Understanding DNS Records

CNAME? MX Record? If you are as confused as a chameleon in a bag of skittles fear not! DNS (Domain Name System) records are actually pretty easy to understand. 


A Record


Note: Above is your Domain's existing A Record so don't delete it! 

A stands for Address. Every website in the world has a specific numerical address called a internet protocol address (IP for short). For example the IP Address of www.google.com is (you can actually type these numbers into the url bar of your browser and it will open up Google). However these numbers would be hard for people to remember so domain names like www.yourwebsite.com were introduced. An A Record simply maps your domain to your IP Address so that when someone types in your domain, they will be forwarded to the correct IP Address. 


CNAME Record


Note: Above is your Domain's existing CNAME Record so don't delete it! 

CNAME stands for Canonical Name. You can think of this being as a type of forward. For example if you have the domains www.myhomedeals.com and myhomedeals.com, and you want both of them to go to the same files you can add www.myhomedeals.com as a CNAME Record that will then go to the same files as myhomedeals.com. 

Adding an A/CNAME record:


In the subdomian field enter www and in the address filed enter the domain name. (If it is the same domain you can enter @ for the address.)


MX Record

MX stands for mail exchange. This tells where the emails associated with your domain (mike@ibuyhomes.com) should be delivered. For example if you are using G Suite (google's email service) you would enter their MX records. Usually there are multiple MX records to add redundancy. Think of it like having 5 mailboxes by your house. If the mailman cannot get to the first one because there is a car parked in front of it, they still have 4 other ones where they can put your letter in. At the end of each MX record there is a number that tells the virtual internet mailman which one to try first (they try the lowered number ones first and only if those fail do they move onto the next).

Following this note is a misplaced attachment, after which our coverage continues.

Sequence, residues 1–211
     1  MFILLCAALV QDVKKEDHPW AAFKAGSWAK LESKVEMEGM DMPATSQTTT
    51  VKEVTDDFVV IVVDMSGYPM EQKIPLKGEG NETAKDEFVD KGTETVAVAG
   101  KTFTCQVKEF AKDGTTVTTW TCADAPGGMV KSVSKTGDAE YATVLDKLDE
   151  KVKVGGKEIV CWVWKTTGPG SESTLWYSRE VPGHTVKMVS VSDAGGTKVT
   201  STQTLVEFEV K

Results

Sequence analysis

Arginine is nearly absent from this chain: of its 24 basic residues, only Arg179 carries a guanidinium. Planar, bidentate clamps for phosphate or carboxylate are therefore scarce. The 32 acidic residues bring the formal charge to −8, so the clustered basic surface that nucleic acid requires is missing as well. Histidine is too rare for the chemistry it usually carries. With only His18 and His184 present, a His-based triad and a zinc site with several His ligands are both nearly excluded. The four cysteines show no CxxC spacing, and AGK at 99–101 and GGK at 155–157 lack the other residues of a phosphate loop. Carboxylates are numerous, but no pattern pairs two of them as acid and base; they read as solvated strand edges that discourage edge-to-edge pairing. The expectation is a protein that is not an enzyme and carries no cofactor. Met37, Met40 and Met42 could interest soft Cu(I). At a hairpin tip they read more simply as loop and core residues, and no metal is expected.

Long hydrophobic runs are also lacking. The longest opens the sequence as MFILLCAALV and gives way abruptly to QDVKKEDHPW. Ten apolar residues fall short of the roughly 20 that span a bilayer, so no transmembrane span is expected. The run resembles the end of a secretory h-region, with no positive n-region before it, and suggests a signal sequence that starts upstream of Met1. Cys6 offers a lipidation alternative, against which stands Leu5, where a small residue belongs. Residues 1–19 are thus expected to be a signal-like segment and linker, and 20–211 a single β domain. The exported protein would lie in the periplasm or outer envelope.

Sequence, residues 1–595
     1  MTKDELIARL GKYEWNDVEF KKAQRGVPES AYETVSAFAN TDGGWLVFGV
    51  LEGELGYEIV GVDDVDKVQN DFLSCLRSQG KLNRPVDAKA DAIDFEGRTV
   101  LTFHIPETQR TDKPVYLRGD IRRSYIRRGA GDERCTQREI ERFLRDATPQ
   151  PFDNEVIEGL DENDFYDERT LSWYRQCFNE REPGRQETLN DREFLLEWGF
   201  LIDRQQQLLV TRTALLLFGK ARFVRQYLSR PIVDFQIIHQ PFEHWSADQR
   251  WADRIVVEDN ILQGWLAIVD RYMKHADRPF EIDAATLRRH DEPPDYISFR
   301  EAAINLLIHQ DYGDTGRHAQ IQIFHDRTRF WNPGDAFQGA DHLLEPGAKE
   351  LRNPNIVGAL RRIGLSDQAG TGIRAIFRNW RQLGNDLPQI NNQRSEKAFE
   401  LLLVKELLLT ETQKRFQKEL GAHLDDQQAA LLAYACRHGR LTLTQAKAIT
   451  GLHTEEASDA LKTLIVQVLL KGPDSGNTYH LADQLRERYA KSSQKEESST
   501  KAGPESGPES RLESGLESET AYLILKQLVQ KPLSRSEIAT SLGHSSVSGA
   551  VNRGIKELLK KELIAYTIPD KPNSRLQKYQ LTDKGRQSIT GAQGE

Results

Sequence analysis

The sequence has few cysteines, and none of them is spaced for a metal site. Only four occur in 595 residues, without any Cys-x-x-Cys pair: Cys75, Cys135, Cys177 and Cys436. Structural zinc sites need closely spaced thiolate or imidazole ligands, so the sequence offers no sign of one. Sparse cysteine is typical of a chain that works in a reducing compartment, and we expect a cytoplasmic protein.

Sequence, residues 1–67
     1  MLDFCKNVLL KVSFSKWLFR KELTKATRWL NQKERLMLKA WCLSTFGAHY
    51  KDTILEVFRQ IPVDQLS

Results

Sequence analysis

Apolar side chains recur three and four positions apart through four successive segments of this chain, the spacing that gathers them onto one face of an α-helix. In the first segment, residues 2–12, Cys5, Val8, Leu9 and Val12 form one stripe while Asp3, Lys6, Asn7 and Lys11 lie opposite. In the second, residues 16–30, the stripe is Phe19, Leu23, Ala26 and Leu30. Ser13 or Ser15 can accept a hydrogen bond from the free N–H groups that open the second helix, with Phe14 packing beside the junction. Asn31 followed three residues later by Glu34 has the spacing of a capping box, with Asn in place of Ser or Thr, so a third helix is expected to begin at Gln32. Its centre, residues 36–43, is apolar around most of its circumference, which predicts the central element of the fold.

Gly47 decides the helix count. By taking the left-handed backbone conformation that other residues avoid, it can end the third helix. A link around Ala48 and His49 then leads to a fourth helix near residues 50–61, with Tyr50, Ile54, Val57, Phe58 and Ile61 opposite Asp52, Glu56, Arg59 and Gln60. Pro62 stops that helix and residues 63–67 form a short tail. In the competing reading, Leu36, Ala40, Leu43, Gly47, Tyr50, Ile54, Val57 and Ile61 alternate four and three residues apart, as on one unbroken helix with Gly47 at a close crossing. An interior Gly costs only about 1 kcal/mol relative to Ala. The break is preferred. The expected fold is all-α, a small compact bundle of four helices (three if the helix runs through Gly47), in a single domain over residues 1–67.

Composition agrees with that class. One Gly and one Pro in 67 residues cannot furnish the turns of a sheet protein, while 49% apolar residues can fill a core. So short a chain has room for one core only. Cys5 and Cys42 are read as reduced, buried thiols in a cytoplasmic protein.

Adding an MX record: 

If you are using G Suite (Google Apps), Office 365, or GoDaddy for your email just click the relevant button and your MX Records will automatically be added. However you can have other email providers as well.  They would need to supply their MX records to you.  Then you would copy them into the fields.


TXT Record


Note: Above is a sample TXT. This specific one helps Client Genie send your emails so don't delete it! 

TXT stands for text. This is basically a blank note slot where you can add any information that you want. While you could type "remember mom's birthday" just kidding a more common use is to add verification text from outside parties (like G Suite) so that they can verify that the person that is applying for their services is the rightful owner of the domain. 


Adding a TXT Record:

The most common time when you would need to add a TXT Record is when setting up G Suite email. They give you a verification code and you would simply copy this into the TXT field. 




2 out of 4 found this helpful